In chemistry, compound that releases hydrogen ions (H+ or protons) in the presence of an ionizing solvent (usually water). Acids react with bases to form salts, and they act as solvents. Strong acids are corrosive; dilute acids have a sour or sharp taste, although in some organic acids this may be partially masked by other flavour characteristics. The strength of an acid is measured by its hydrogen-ion concentration, indicated by the pH value. Solutions dominated by acids have a pH below 7.0.
Acids can be classified as monobasic, dibasic, tribasic, and so forth, according to their basicity (the number of hydrogen atoms available to react with a base) and degree of ionization (how many of the available hydrogen atoms dissociate in water). Dilute sulphuric acid is classified as a strong (highly ionized), dibasic acid.
Inorganic acids include boric, carbonic, hydrochloric, hydrofluoric, nitric, phosphoric, and sulphuric. Organic acids include ethanoic (acetic), benzoic, citric, methanoic (formic), lactic, oxalic, and salicylic, as well as complex substances such as nucleic acids and amino acids.
Sulphuric, nitric, and hydrochloric acids are sometimes referred to as the mineral acids. Most naturally occurring acids are found as organic compounds, such as the fatty acids R-COOH and sulphonic acids R-SO3H, where R is an organic group.
All acids produce hydrogen ions when dissolved in water. For example with hydrochloric acid, which is produced when hydrogen chloride gas reacts with water:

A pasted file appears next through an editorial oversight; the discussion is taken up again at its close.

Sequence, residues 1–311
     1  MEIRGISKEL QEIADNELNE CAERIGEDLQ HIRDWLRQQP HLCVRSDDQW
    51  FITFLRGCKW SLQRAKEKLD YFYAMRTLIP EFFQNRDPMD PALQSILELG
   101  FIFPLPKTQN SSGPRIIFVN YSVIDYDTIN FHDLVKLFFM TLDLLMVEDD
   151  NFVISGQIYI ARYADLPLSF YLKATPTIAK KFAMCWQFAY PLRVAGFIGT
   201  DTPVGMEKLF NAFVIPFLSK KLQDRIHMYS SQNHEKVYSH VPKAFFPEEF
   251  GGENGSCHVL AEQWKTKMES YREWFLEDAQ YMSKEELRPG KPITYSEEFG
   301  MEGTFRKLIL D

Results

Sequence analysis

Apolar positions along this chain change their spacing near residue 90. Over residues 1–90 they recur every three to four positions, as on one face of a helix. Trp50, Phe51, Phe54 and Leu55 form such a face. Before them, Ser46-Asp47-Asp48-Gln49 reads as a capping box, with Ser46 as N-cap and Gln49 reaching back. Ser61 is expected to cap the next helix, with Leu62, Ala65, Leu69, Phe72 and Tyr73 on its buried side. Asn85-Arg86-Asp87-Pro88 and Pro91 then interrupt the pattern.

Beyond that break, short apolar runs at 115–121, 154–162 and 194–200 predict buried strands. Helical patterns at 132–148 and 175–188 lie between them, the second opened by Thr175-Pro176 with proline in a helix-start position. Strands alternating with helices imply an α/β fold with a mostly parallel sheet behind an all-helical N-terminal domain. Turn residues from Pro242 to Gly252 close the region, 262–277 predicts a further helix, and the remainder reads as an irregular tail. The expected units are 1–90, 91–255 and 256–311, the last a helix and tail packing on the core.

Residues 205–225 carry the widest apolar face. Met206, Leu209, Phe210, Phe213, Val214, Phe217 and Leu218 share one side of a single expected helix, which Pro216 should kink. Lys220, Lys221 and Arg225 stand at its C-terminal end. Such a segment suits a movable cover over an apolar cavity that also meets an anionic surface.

HCl(g) + aq ⇌ H+(aq) + Cl−(aq)
The reactions of acids are the reactions of the H+(aq) ion. These are as follows.
They give a specific colour reaction with indicators; for example, litmus turns red.
They react with alkalis to form a salt and water (neutralization). For example, hydrochloric acid added to sodium hydroxide gives the salt sodium chloride plus water.
HCl(aq) + NaOH(aq) → NaCl(aq) + H2O(l)
With carbonates and hydrogencarbonates, acids form a salt and displace carbon dioxide. For example, when nitric acid is added to sodium hydrogencarbonate:
HNO3 + NaHCO3 → NaNO3 + CO2 + H2O
Acids react with metals to give off hydrogen and form a salt. For example, with magnesium and sulphuric acid the products are magnesium sulphate and hydrogen.
Mg + H2SO4 → MgSO4 + H2
Acids react with many bases, such as oxides and hydroxides, but the product is not always soluble in water so the reaction soon ceases, as when sulphuric acid reacts with calcium oxide, hydroxide, or carbonate.
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